AVS2011 Session GR+MS+EM-FrM: Graphene Device Physics and Applications

Friday, November 4, 2011 8:20 AM in 208

Friday Morning

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8:20 AM GR+MS+EM-FrM-1 Fabrication and Characterization of Graphene p-n Junction Devices
Ji Ung Lee (University at Albany-SUNY)

Graphene is a newly discovered material composed of two-dimensional array of hexagonal carbon atoms. It has a number of unique electronic properties, the most remarkable of which is the zero band-gap light-like linear electronic dispersion, giving rise to Dirac fermions. This feature can be used to make devices based on previously unexplored physical properties. For example, in analogy to optics, we describe new devices based on optics-like manipulation of electrons.

Our devices are based on graphene and bi-layer graphene p-n junctions doped using electrostatic doping techniques from buried split gates. In the present context, graphene p-n junctions do not rectify, i.e. behave as semiconductor diodes. Instead, in graphene p-n junctions, carriers launched from a point contact from one side of the junction are able to refocus back to a point on the other side of the junction. This behavior, known as the Veselago effect, can be the basis for new logic devices for replacing Si CMOS. In addition, using the same platform, we describe interconnect structures that can be reconfigured. Together, we envision a new circuit paradigm based on components that seamlessly reconfigure between devices and interconnect components.

In this talk, we describe the details of graphene p-n junction fabrication and characterization, and circuits that are enabled by the p-n junction devices. The devices are fabricated at CNSE’s state-of-the-art 300mm Si wafer fabrication line using processing techniques that leave atomically flat top oxide surface above the patterned split gates. For characterizing the p-n junctions, we perform transport and SPM measurements.
9:00 AM GR+MS+EM-FrM-3 Assembled Bilayer Graphene for Electronic Applications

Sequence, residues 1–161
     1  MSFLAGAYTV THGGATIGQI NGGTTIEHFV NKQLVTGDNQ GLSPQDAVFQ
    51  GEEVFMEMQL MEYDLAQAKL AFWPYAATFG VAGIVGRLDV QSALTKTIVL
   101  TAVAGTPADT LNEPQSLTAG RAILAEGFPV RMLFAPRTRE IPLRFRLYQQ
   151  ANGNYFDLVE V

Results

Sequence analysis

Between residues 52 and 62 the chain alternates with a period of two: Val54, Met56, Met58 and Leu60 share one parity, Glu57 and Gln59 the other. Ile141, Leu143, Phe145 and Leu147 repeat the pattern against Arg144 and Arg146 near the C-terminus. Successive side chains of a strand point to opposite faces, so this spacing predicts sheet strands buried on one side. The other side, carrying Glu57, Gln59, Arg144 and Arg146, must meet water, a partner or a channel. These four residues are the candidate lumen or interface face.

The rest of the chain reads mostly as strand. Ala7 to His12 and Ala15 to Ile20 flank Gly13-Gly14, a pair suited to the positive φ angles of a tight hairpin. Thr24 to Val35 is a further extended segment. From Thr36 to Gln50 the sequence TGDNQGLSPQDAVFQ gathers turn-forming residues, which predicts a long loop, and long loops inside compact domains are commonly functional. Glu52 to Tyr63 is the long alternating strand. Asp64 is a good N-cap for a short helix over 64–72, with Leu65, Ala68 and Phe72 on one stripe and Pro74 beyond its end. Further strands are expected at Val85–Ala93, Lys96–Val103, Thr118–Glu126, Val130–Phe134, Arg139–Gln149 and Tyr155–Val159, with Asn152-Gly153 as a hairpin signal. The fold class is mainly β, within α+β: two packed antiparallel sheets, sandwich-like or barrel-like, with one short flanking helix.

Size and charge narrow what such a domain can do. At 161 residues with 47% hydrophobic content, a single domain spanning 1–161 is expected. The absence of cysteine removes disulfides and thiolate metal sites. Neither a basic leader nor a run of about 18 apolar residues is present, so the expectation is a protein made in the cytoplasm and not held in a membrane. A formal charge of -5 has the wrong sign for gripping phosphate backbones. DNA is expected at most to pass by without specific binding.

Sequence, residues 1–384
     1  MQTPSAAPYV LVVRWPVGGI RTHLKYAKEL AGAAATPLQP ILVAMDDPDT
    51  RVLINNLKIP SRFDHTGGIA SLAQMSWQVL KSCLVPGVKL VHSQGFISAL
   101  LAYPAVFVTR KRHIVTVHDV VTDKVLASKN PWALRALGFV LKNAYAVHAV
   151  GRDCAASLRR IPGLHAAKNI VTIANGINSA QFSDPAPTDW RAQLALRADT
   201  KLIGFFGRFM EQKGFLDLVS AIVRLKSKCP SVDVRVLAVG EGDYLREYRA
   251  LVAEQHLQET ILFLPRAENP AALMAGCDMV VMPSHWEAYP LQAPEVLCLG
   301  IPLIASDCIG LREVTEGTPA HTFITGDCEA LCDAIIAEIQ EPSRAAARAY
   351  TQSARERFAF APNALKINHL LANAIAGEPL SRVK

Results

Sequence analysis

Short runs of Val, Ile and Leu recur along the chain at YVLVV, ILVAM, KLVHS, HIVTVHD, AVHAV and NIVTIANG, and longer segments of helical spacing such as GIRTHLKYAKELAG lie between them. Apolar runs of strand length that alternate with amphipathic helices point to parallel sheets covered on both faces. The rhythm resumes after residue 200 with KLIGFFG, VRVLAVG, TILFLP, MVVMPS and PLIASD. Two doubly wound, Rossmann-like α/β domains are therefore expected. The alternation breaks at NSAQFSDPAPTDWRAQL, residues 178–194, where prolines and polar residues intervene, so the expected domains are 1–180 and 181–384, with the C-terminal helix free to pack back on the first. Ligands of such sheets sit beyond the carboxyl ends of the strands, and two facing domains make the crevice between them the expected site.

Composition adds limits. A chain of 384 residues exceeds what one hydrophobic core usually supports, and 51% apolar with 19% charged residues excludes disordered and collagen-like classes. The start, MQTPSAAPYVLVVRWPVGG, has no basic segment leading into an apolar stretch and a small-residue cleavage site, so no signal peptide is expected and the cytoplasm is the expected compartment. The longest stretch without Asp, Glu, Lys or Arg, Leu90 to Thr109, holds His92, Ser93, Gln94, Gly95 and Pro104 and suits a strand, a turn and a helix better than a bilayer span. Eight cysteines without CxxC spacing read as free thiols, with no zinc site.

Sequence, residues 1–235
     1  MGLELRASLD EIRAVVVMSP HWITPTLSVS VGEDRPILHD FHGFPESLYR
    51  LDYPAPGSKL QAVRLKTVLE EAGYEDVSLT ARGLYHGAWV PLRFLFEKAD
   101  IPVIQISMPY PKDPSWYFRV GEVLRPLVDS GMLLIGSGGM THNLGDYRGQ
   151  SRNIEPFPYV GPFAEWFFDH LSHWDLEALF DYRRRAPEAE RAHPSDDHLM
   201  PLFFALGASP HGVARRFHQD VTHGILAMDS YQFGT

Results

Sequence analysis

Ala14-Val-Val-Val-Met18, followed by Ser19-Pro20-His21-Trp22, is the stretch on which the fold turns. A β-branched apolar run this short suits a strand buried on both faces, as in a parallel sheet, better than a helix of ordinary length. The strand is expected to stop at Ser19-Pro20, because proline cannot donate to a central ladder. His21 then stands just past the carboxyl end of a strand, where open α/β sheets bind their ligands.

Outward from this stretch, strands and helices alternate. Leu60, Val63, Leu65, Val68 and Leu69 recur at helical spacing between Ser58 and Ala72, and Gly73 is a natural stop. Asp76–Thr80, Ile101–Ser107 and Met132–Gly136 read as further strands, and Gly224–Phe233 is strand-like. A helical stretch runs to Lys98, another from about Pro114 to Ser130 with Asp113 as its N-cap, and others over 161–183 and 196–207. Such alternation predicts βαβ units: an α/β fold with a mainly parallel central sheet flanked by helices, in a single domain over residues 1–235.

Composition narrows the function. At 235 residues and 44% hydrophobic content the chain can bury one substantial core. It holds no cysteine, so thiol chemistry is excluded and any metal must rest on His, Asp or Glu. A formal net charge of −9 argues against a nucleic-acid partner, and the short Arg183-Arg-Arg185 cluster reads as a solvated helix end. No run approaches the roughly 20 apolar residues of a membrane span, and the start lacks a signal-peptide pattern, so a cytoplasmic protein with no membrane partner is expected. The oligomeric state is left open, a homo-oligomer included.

Glenn Jernigan, Travis Anderson, Jeremy Robinson, Joshua Caldwell, Mario Ancona, Virginia Wheeler, Luke Nyakiti, James Culbertson, Anthony Davidson, Adam Friedman, Paul Campbell, D. Kurt Gaskill (U.S. Naval Research Laboratory)

Graphene has shown successful application in RF transistors and frequency doublers where its high mobility and high saturation velocity translate into operation at high frequencies while utilizing little power. However, a major detraction to graphene development for other device applications is that it does not have a band gap. The lack of a band gap means that graphene’s current cannot be turned off. Bilayer graphene is regarded as one possible solution to this problem, since bilayer graphene is capable of developing a band gap if the symmetry of the system can be broken. That said, bilayer graphene (from exfoliation or growth) forms a highly ordered A-B stack of the two graphene sheets resulting in little to no band gap, unless a high electric field can be applied.

In this presentation, we will demonstrate a novel method for creating bilayer graphene where a single layer of CVD graphene grown on Cu is bonded to a single layer of epitaxial graphene grown on Si-face SiC. This process results in a bilayer system that has a built-in asymmetry that yields unique physical and electrical properties not previously observed. For example, we demonstrate that the transfer of CVD graphene to epitaxial graphene results in a smoother morphology than transfer onto SiO2 and that bonding of CVD graphene to epitaxial graphene can avoid the damage caused by the drying step necessary in the poly (methyl methacrylate) transfer method. X-ray photoelectron spectroscopy and Raman microscopy demonstrate that the sheets are coupled together but strained differently, in contrast to a naturally formed bilayer. Electrical characterization of Hall devices fabricated on the novel bilayer show higher mobilities and lower carrier concentrations than the individual CVD graphene or epitaxial graphene sheets alone. Modeling of the electric field produced by opposite doping in the graphene sheets will also be presented, as CVD graphene is typically p-type and epitaxial graphene is typically n-type.

10:00 AM GR+MS+EM-FrM-6 Rectification at Graphene / Semiconductor Junctions: Applications Beyond Silicon Based Devices
Sefaattin Tongay, Xiaochang Miao, Kara Berke, Maxime Lemaitre, Bill Appleton, Arthur Hebard (University of Florida)